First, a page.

Written by Texas Highways
Bucked off a bronc and knocked unconscious, Florence Hughes Randolph lay on a stretcher at the 1929 San Antonio Rodeo. Suddenly coming to, she jumped back on the horse. “It’s all in the game,” said the four-foot-six athlete after completing her ride on the “hurricane deck,” rodeo lingo for the back of a bucking bronc.
As our ferryboat approaches the landing, three dolphins suddenly surface just beyond the jetty. I declare it a positive omen, and my wife smiles. Meanwhile, cormorants and seagulls gawk from their perches atop nearby pilings. Passengers return to parked vehicles from sightseeing on deck, and the crew prepares for mooring. Behind us, where we boarded approximately three miles and 30 minutes ago, lies our home away from home, Galveston Island; ahead, a place we haven’t visited in over a decade, Bolivar Peninsula.
I grew up on homemade chicken pot pie and made it regularly for my three kids, so when I heard how folks rave about the dish at Trailblazer Grille restaurant in Burnet, I had to go taste one for myself.
It’s a typical Saturday in Fort Worth, a weekly day of celebration among craft beer fans. The popular small breweries in town are open for tastings and tours, complete with music, games, food, and frivolity.
Horse racing was “the NFL of colonial times,” we’re told at the start of our visit to the American Quarter Horse Hall of Fame & Museum in Amarillo, therein commencing the story of a horse breed that’s intertwined with Texas history and culture. The sleek two-story museum celebrates the quarter horse and chronicles its history with exhibits that straddle the worlds of equine enthusiasts and the rest of us.
A few years ago, I took a canoe trip on the Rio Grande through Big Bend National Park’s Santa Elena Canyon. Our group camped overnight at the mouth of the canyon, and in the morning, one of the guides called everyone over to see a tarantula as big as my hand.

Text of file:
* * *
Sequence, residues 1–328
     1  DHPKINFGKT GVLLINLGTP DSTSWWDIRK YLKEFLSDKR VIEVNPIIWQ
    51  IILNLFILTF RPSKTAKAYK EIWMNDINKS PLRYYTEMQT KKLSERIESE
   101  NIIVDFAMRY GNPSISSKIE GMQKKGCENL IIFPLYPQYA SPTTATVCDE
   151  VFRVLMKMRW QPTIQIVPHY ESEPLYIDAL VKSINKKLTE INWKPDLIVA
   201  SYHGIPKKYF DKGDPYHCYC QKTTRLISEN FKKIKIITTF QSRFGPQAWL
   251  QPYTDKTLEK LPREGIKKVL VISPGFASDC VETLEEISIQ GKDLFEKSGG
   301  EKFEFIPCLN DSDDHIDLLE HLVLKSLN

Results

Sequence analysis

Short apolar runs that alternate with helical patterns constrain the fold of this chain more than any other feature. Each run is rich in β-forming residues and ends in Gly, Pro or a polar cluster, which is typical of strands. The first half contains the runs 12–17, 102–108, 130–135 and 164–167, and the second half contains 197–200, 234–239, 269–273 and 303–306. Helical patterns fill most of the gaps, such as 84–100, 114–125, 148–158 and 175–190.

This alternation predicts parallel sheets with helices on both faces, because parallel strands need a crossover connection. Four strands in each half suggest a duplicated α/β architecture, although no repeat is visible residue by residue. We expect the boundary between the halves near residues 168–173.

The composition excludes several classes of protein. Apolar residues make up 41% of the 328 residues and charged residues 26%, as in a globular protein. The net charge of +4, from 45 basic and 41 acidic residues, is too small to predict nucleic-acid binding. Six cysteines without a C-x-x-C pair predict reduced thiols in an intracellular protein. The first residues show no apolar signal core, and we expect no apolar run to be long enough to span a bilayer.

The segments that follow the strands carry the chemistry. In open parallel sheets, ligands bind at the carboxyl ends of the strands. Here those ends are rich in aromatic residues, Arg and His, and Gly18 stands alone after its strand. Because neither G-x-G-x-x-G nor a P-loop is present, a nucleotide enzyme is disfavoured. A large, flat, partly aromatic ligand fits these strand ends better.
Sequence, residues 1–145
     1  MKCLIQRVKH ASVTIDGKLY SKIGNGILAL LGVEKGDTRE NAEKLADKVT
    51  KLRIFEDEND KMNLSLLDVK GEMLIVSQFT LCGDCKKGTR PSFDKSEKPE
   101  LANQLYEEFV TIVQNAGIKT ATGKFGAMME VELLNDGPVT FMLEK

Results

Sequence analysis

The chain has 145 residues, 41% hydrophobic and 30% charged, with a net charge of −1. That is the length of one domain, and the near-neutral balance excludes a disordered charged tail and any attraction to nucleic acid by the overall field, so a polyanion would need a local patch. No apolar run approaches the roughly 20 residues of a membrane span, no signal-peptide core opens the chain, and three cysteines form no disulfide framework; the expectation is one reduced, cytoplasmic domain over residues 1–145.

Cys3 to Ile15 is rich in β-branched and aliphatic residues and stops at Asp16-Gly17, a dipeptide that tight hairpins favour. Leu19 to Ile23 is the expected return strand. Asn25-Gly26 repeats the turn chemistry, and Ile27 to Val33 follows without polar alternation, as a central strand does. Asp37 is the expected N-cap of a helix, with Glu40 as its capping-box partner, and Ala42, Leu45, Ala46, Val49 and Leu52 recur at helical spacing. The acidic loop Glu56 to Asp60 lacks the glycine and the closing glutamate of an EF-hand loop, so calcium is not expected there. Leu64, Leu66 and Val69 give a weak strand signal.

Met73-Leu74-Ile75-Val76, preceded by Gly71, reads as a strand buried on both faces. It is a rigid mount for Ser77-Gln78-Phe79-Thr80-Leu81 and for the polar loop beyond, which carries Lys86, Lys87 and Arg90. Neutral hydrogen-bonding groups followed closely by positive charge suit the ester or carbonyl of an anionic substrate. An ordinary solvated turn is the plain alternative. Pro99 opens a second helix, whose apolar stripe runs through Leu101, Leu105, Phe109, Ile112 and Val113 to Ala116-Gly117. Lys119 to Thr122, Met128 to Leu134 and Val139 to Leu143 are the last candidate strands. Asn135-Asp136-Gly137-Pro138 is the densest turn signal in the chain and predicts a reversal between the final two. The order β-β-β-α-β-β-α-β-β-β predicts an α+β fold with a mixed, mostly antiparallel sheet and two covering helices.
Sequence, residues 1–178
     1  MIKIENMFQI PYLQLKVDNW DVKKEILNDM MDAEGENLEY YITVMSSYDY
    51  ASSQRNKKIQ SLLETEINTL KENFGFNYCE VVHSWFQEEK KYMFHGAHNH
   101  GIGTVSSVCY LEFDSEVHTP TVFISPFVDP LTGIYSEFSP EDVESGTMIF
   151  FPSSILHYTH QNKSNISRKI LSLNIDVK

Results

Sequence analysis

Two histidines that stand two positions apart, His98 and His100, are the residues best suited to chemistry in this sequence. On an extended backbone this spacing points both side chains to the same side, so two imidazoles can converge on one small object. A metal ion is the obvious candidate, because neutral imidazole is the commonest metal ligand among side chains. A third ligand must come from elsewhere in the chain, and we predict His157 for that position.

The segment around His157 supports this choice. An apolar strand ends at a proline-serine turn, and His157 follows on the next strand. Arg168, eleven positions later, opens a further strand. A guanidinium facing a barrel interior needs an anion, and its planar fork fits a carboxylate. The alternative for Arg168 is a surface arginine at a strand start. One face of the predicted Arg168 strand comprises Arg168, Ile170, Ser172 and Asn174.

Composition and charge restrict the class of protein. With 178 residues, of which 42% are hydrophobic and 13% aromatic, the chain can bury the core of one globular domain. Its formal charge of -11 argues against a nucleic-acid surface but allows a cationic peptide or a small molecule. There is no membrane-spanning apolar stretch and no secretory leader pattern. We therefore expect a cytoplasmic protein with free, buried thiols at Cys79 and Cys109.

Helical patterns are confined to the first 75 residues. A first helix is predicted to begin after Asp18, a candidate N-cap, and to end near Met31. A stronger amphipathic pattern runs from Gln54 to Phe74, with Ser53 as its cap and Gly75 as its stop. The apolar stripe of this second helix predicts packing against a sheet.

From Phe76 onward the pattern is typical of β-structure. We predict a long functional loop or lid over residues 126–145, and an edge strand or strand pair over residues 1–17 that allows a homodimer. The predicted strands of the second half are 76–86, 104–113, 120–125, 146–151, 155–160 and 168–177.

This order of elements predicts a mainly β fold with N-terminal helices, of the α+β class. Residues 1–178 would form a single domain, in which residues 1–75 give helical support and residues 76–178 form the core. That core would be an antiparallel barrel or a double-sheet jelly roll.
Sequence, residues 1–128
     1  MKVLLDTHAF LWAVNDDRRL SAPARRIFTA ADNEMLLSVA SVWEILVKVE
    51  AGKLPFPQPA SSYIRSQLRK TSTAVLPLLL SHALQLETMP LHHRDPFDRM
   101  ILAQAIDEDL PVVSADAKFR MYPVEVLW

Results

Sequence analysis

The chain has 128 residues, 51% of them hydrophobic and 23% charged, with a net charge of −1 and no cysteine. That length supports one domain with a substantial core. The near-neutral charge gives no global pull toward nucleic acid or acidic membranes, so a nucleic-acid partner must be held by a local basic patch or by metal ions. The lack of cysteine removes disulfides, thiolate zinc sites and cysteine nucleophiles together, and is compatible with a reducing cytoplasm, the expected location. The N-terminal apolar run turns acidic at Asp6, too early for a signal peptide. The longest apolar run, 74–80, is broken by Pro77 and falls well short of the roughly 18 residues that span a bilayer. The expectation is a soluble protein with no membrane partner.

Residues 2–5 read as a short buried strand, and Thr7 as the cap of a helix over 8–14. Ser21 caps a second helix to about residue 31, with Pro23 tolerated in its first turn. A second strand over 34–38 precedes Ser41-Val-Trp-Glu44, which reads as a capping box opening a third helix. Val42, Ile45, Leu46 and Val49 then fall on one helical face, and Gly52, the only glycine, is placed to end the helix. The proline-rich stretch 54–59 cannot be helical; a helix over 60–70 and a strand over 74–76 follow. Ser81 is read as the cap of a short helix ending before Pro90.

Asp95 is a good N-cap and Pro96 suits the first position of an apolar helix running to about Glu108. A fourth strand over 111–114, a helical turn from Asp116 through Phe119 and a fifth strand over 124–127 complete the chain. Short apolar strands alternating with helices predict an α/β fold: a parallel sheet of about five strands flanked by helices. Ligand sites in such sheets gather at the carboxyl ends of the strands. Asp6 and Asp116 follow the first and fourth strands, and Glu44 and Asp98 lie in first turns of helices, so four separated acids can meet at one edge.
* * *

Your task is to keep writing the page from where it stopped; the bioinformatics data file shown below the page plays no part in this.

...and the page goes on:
It’s safe to say that an elegant, 19th-Century mansion was not what I was expecting to see as I drove down a breezy bay-front road in Rockport. But there it was, on the same street as low-slung souvenir shops, seafood restaurants, and coastal cottage homes: a four-story, Victorian structure with sand-colored walls, dark mocha trim, and a steep mansard roof. The grand edifice looked a bit out of place among the swaying palm trees and coastal live oaks along Fulton Beach Road.
On the two-hour drive from Austin to the Barefoot Ski Ranch in Waco, I’ve been chattering away about my teenage summer-camp waterskiing skills. I’m looking forward to seeing if I’ve still got the chops all these years later.
When I was a child, Texas’ state parks were beloved vacation destinations. I became intimately familiar with the ubiquitous brown-and-yellow signs, the stoic stone buildings, rustic cabins, and cement picnic tables that dotted the state.
Hot-pink roses bloom brilliantly in cement planters on all four corners of the historic downtown square in McKinney, where I’m waiting with friends on a sunny sidewalk for a crosswalk light to change.
When I first visited Schlitterbahn in New Braunfels as a teenager in the mid-1980s, the waterpark was just a few years old. I vividly recall spending a blistering summer day racing between the various slides, nearly losing my bikini top on a tube chute, and intentionally bumping my inner tube into cute boys while navigating the rapids and eddies of an artificial river. I came away with a wicked sunburn and memories to last a lifetime.